Max Mosley has lost the latest battle in his ongoing war with the press on privacy. He had argued before the European Court of Human Rights (‘European Court’) that where a newspaper published private information on an individual they should be forced to notify the individual concerned prior to publication. The court rejected such a ‘pre-notification requirement’. This should, however, not be seen as a victory for the press or free speech. Rather, it is more of an unsurprising application of the principles of the European Court.
The Mosley judgment was inevitable because of the nature of the European Court, a supervisory body on the European Convention on Human Rights whose decisions echo around Europe. To ensure states have discretion in interpreting the Convention to suit their own laws, they are given by the Court a ‘margin of appreciation’ to decide on how they implement the Convention. This was crucial to the decision to reject a pre-notification rule, and proved to be the foe of Mosley.
Two big factors were at play which meant that any such rule fell within this margin. Firstly, there was no uniformity of approach between European states in relation the rule, meaning a wider margin was given. Secondly, a House of Commons Select Committee had already considered this matter and decided against such a legal requirement – it was therefore clear that the UK was not ignoring the issue altogether. In sum, asking the Court to find a pre-notification rule was required to guarantee an individual’s right to privacy was tantamount to asking them to legislate such a rule for the whole of Europe. Clearly, this was never going to happen, and would have been wildly beyond their remit as a body.
Thus all we can take from the case is that the European Court were not in a position to require a ‘pre-notification rule’ to protect Mosley’s privacy. This is very different from the Court deciding such a rule, particularly if limited in scope, would breach any right to free speech. Therefore, the decision should not force us to dismiss the merits of the rule.
The Government’s and newspapers’ main argument centred on the chilling effect of the pre-notification rule, that is, the press would be deterred by costly legal battles and refrain from publishing controversial stories. But why is this chilling effect such a bad thing when it comes to celebrities? What does the public gain from them? In their seminal work, Warren and Brandeis, two US Supreme Court judges who championed free speech, warned against “idle gossip” procured only by intrusion into the domestic circle. They warned against its consequences – on an individual level a “harm beyond mere bodily injury” and on a general level a lowering of social morality. This remains true today.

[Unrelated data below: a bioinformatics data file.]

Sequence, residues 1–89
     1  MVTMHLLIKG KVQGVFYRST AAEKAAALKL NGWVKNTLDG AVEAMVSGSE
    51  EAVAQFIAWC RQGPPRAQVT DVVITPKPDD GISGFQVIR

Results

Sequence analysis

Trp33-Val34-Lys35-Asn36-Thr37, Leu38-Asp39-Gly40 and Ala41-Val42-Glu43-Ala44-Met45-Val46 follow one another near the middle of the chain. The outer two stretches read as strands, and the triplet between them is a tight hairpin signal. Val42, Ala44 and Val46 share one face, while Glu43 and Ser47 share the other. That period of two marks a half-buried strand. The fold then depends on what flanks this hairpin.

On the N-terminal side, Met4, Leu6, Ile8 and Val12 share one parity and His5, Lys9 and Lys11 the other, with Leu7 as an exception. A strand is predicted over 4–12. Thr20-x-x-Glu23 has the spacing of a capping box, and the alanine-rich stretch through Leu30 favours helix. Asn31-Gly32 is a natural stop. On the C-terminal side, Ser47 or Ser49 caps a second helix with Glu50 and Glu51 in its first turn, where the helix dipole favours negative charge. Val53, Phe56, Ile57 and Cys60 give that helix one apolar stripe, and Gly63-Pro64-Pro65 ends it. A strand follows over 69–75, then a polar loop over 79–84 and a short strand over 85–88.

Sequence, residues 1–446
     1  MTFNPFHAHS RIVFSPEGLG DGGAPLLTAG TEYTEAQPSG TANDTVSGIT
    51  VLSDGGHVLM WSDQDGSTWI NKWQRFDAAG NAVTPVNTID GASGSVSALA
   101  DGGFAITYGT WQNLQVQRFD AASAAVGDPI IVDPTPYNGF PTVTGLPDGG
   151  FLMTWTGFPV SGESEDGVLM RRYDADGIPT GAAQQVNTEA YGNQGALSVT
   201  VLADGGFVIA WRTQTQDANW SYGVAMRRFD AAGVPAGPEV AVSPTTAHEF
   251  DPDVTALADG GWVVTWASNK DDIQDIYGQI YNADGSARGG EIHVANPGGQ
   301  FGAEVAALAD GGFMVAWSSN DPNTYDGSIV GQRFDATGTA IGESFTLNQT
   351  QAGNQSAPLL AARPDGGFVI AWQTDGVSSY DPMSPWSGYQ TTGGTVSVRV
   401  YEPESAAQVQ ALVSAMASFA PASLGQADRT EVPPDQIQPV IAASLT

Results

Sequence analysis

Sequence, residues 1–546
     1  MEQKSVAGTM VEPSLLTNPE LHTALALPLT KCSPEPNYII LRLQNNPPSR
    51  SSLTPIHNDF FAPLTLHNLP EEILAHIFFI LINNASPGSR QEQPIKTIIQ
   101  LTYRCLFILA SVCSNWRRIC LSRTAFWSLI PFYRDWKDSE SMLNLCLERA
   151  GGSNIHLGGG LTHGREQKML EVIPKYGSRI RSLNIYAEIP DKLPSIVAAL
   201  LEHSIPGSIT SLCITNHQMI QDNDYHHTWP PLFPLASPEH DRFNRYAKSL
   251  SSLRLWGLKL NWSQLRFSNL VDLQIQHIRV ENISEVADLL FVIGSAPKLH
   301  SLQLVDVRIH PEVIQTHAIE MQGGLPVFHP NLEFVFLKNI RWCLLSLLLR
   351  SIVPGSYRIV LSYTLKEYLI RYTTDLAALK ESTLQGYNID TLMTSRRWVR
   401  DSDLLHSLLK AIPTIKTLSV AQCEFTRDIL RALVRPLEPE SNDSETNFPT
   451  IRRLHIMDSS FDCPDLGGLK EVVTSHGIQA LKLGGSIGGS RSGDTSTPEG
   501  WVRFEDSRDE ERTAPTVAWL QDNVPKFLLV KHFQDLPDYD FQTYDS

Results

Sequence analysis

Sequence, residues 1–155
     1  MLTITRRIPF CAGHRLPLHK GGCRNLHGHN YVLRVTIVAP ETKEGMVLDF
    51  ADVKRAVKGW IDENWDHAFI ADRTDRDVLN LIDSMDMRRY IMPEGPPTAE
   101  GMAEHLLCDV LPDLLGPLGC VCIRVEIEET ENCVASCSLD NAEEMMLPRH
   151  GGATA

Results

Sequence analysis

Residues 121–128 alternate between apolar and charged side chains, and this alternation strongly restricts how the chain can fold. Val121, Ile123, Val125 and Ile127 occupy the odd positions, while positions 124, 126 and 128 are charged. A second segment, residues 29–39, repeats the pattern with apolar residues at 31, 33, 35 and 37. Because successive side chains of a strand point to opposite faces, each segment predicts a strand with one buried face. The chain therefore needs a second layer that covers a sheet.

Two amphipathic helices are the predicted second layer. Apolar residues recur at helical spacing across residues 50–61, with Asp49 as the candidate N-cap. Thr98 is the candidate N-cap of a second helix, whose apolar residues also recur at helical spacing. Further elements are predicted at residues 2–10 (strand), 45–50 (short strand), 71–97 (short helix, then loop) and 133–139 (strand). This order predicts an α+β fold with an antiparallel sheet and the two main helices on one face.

A follow-on argument, cited more in media than in the case itself, is that pre-notification creates a risk that true public interest journalism would be stifled. Such an argument was made by Roy Greenslade who cites in particular the Daily Telegraph expose on MPs’ expenses. This is an unapt example to use, because a judge hearing an application for an injunction on such a story would clearly find the information in the public interest and allow publication. Indeed, Mosley argued in the ECtHR that there should be a public interest exception to pre-notification anyhow. Therefore we should not be worried about any chilling effects of such a rule.
What would be gained by such a rule? We would see protection for individuals against gross invasions of their privacy. The effects of these invasions should not be underestimated – Mosley has cited individuals who have committed suicide as a result. To put this on a less celebrity level, would you object if your annual wage was leaked to the local press and they wanted to publish it? Maybe, maybe not. What if your ex-partner had a nude photo of you which was about to published? Surely you would expect notification at the very least to try and prevent publication.
There is something special about the publication of private information: once private information is published it cannot be made private again. This is unlike libel which can be corrected. Therefore it becomes extremely important to decide on whether there is an overriding interest in revealing private information before it is published, a decision that should be trusted to a court.
The Mosley decision has been handed at a time when privacy and free speech have been in sharp contention with the recent super-injunction debate. However in this battle between competing rights, the Mosley decision should not be seen as a victory for press, rather a case of the European Court being constrained by its own principles. Just because the power of the European Court is limited does not mean we should dismiss the merits of Mosley’s law altogether – there are plenty of other ways it could be implemented, such as in the PCC Code which the Select Committee recommended.
**The arguments on the pre-notification rule have been explored in an earlier Law Think blog post.**
This post originally appeared on the Law Think blog and is reproduced with permission and thanks.